Before running a search in Nucleotide, you want to think carefully about your information need, since this can impact the effectiveness of your search. You may even want to write your information need down, both to keep it front of mind and to use it for building your search strategy.
For example, by writing down
I need to retrieve the mRNA RefSeq sequences for the defensin gene cluster in the mouse,"
you can clearly see a number of main ideas or concepts (indicated in bold) that you should include in your strategy for searching Nucleotide. Again, it may be helpful to write these concepts down, both to help you optimize your current search and to record what you've done for future reference.
The concepts for this information need can be written as
The next step in the searching process is to generate search terms corresponding to these concepts.
The concepts for mRNA and RefSeq can be thought of as known items. mRNA is a known molecule type with specific kinds of characteristics (exons, coding sequence, etc.). RefSeq is both a known source database and a known type of sequence in Nucleotide with certain features (non-redundant, curated, etc.).
These known items are commonly used in searching, and are therefore represented in Nucleotide as easily-selectable filters. These filters can be selected from the search results page or they can be applied to terms using a field tag (see "Step 3: Use Field Tags" below).
When generating search terms for gene names in Nucleotide, a good practice is to use approved symbols. Approved symbols represent the most up-to-date ways of expressing gene names, so they help ensure that your search will be both comprehensive and efficient. Approved symbols are also shorter and less complex (e.g., Defa4) than corresponding approved gene names (e.g., defensin, alpha, 4).
Approved gene symbols can be found by searching internationally-recognized resources for organism-focused genetic, genomic, phenotypic, and other biological data. The following table includes a sample of these resources.
|Organism||Approved Gene Symbol Resource|
|Human||HUGO Gene Nomenclature Committee (HGNC)|
|Mouse||Mouse Genome Informatics (MGI)|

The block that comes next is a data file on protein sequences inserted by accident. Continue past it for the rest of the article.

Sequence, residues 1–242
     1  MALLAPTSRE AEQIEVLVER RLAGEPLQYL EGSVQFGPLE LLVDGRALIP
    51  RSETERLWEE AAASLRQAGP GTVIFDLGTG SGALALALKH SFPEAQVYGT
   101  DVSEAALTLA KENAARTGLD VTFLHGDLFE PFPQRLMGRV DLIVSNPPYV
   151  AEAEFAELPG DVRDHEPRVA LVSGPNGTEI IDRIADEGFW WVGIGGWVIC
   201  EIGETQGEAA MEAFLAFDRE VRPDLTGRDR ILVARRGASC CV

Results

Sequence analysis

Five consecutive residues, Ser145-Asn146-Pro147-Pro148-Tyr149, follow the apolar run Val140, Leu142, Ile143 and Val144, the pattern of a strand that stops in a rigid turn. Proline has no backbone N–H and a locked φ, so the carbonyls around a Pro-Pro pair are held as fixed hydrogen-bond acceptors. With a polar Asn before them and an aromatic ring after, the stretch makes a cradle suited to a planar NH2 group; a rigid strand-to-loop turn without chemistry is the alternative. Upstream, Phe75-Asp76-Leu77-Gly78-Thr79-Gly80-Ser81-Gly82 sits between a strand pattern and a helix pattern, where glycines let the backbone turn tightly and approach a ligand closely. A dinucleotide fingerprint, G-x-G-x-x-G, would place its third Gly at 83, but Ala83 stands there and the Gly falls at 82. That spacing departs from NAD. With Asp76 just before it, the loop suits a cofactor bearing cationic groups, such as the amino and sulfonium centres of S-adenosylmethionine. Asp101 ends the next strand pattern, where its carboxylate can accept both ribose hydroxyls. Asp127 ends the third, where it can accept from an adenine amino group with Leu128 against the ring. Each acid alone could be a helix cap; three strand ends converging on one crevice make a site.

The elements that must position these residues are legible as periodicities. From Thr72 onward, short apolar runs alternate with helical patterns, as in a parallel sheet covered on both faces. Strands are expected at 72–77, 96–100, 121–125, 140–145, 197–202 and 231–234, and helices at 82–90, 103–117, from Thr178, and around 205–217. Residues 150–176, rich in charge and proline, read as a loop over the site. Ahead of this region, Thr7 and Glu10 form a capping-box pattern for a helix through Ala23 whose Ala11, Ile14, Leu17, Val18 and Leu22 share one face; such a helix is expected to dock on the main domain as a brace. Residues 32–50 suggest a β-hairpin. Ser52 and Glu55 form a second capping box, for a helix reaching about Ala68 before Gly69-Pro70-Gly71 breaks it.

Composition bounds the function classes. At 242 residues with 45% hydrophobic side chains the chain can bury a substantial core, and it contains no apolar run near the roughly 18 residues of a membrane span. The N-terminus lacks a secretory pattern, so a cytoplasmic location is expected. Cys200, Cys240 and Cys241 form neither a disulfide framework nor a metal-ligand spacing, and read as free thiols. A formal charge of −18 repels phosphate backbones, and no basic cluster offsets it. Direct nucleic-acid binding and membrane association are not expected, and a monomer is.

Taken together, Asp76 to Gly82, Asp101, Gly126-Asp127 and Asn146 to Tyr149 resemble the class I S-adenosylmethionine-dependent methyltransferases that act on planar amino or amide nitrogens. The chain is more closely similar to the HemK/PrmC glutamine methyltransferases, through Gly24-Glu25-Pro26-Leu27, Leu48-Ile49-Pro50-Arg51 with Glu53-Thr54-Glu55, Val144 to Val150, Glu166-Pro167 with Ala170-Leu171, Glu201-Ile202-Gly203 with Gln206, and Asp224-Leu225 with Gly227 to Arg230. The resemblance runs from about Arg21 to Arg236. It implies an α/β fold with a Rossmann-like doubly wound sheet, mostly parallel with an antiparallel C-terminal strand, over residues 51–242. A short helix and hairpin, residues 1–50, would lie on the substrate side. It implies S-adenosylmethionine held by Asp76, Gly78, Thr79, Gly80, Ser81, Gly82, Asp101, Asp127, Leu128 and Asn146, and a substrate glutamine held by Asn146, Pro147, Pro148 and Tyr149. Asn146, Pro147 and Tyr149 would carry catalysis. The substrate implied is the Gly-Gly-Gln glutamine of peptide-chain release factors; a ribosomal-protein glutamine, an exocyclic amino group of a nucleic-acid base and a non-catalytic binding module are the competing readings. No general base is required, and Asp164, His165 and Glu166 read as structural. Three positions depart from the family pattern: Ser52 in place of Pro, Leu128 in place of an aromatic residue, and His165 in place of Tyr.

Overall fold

|Rat||Rat Genome Database (RGD)|
|Yeast||Saccharomyces Genome Database (SGD)|
|Zebrafish||Zebrafish Information Network (ZFIN)|
Since the organism of interest in this search is the mouse, Mouse Genome Informatics (MGI) is an excellent source for approved gene symbols. A search of MGI using the word "defensin" yields over 100 results. These results take two forms starting either with "Defa" (Defa1, Defa2, Defa3, etc.) or "Defb" (Defb1, Defb2, Defb3, etc.). To easily capture all of the multiple variants from of these two roots, truncation can be used to form the terms Defa* and Defb*.
Note: For more about truncation in this guide, see the "Tool 3: Search Term Formatting" section of the "Six Core Tools for Searching" box.
Field tags can now be applied to the search terms generated for each concept as a way to build an efficient and focused search. See the table below for the search terms, their corresponding field tags, and the corresponding search string for each concept.
|Concept||Search Terms||Field Tags||Concept Search String|
|Defensin Genes||Defa* OR Defb*||[Gene Name]||Defa*[Gene Name] OR Defb*[Gene Name]|
|Mouse||"Mus musculus"||[Organism]||"Mus musculus"[Organism]|
Note: The organism field tag works with both common and scientific names. In this case, we use the scientific name to focus on a particular species. We could have also used Mouse[Organism], but this corresponds to the broader Mus genus taxonomy found in NCBI's Taxonomy database.
Note: For more about field tags in this guide, see the "Tool 2: Field Tags" section of the "Six Core Tools for Searching" box.
Now that you have the proper search strings for each of your concepts, you can enter them in Nucleotide's Advanced Search Builder.
A good practice is to run the searches for each of your concepts one-at-a-time by using the "Add to history" feature. As illustrated in the screenshot below, this enables you to check for errors. Low numbers of results may indicate a misspelling or other error. As expected, we retrieve large numbers of results for our mRNA, RefSeq, and mouse concepts (searches #1, #2, and #4) and many fewer for our defensin genes concept (search #3).
By using the "Add" feature, we can combine the individual search strings (searches #1-4) to determine where they intersect using the AND Boolean operator. This is our final result set (search #5). Clicking on the "Items found" number (95) will show us the details of these results and allow us to work with them.
Note: When pasting your search strings into the search builder, you can leave the default on "All Fields," since you are using field tags on your search terms. Also note that when using the "Add" feature, the Boolean AND is the default for combining search concepts.
Note: For more about the Advanced Search Builder in this guide, see the "Tool 5: Nucleotide's Advanced Search Builder" section of the "Six Core Tools for Searching" box.
After generating a set of results in Nucleotide, you can work with individual records or with the result set as a whole.
Opening an individual record from your set of search results allows you to analyze the particular sequence associated with that record. Options for sequence analysis include running BLAST to find similar sequences, picking primers for sequence amplification, and focusing on specific sequence features, such as exons. Sequence analysis options are highlighted in the following screenshot.
In addition to working with individual search records, you can work with all of your search results at once by exporting them as a single file. In the screenshot shown below, the sequences of all 95 search results are being downloaded as a file in FASTA format by using Nucleotide's "Send to" feature.